Lynne Spreen says: March 18, 2011 at 9:11 am Hidden due to low comment rating.


Arnie Alger says: March 18, 2011 at 11:18 am Mike, I could not agree more with you on this article. Death will come soon enough to us so why sit around and wait for it. Hell, let it be a surprise. arnie Well-loved.


Jerilyn Willin says: March 18, 2011 at 6:05 pm Loved this article and it is absolutely true. Age is a number and if you are healthy– get out there and enjoy life. I have friends who talk about their aches and how they are “slowing down”. And they are not even 60 years old yet. Well, thanks be to God, my aches and pains come from falling off my bike (the chain disengaged while I was shifting going uphill), a finger I broke volleying a ball back, and a sore back from sledding this winter. I don’t mind aches and pains if they come from fun.


Dr. Gee says: March 18, 2011 at 8:55 pm Totally enjoyed this piece. Found myself smiling, then laughing out loud. Utterly amazing to me that someone has taken this completely upbeat, positive, uplifting story and interpreted it as something negative. Lynne Spreen above suggests this author is narrow minded or should have second thoughts? Hardly. This author has hit the nail directly on its head. In fact, I intend to print this story and hang it on my wall for my patients to read and enjoy. Thank you for this most enjoyable story.


Alex says: March 18, 2011 at 9:09 pm Loved this! This writer has given us words to live by. After 40 or 50 a lot of folk feel themselves slowing down. It takes real effort sometimes to stay active. The effort is worth it! This writer and the others he mentions are living life the way it is supposed to be lived. God bless!


Lynne Spreen says: March 19, 2011 at 9:27 am Hidden due to low comment rating.


Jennifer says: March 19, 2011 at 11:43 am Mike is absolutely right. Although I am not an athlete, I believe that you’ve got to use it or lose it. I cannot allow myself to become sedentary and unable to do the things I want to do. My brain is young, and I want to keep my body that way as well. It is sad to see people just giving up because it gets a little harder.


Chris March 19, 2011 at 12:29 pm Completely agree with this writer. The old saying is “If you have your health, you have everything.” And staying active is the best way to keep your health! I’m 61 and tomorrow will run my 4th LA marathon. It is because I stay fit that I do not have any of the aches, pains, arthritis, etc. that I’m already hearing about from some of my contemporaries. My advice to all boomers is keep moving!! Move it or lose it. Well-loved.


Constance says: March 19, 2011 at 12:40 pm One must stay fit both physically and mentally. Interestingly, this writer mentions several people who are both physically active and in jobs that require brain power: doctors, lawyers, pilots. Is there a correlation? Could it be that the same sort of person with the discipline and effort to obtain high level educations and jobs will also take better care of their health?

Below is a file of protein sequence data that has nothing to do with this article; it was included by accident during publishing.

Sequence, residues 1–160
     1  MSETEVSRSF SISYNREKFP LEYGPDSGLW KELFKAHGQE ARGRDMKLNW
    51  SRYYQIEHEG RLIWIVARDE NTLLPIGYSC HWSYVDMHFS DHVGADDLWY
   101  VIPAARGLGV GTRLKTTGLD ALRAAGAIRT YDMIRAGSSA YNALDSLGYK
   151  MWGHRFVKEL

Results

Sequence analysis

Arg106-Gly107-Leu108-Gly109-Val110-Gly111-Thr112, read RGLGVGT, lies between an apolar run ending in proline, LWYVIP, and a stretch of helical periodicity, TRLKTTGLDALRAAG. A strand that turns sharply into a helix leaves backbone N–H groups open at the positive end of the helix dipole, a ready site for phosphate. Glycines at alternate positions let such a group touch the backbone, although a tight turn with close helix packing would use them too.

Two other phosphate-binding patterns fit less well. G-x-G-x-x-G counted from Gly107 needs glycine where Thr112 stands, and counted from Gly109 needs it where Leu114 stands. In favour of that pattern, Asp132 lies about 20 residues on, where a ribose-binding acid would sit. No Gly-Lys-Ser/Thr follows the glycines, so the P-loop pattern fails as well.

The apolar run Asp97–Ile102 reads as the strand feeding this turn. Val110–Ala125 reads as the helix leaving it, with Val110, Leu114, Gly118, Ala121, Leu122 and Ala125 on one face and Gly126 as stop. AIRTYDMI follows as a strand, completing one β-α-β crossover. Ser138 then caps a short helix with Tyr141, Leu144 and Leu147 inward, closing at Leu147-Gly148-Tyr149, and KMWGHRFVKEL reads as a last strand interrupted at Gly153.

Chris says: March 19, 2011 at 12:58 pm By the way, tomorrow’s LA marathon is not just for runners. It has participants who just walk and even those in wheel chairs. Take note Lynne Spreen, staying active is not limited to just those who “embody” the perfect physical abilities. These participants, especially those with impairments, are extremely motivated and certainly not lazy.If they can do it, certainly most boomers can … and should …as well.


Cheryl says: March 19, 2011 at 4:40 pm I think the point of this story was to point out that a growing number of otherwise healthy boomers are prematurly aging themselves by not being active. And I, for one, could not agree more. Too many of my friends and family are already overweight, inactive, and complaining of ailments that should belong to an older demographic. But it looks like Ms. Spreen will keep harping on the inability of some people to be active until someone agrees with her. So, ok. I’ll agree there are SOME human beings out there who are physically incapable of being active through no fault of their own. In fact, there are even people with bad hearts or whatever who probably should slow down and take it easy. Having said that, however, the VAST majority of baby boomers simply have no one to blame but themselves if they are feeling old, tired, sluggish before their time. I believe that people can pretty much accomplish any goal they set for themselves. I personally know a 67 year old blind skier who skis competitively and a 78 year old boater who sails his boat regularly … even though he lost a leg in a car crash 25 years ago. The marathon that Chris refers to also has runners with artificial limbs and sightless runners. It all depends on effort more than physical ability. The real issue here is, do you want life to slow you down, or are you willing to face whatever adversity may afflict you and pursue your goals in spite of them? Certainly the average healthy baby boomer has no true reason to be feeling old just yet. And from the comments here, many seem to agree.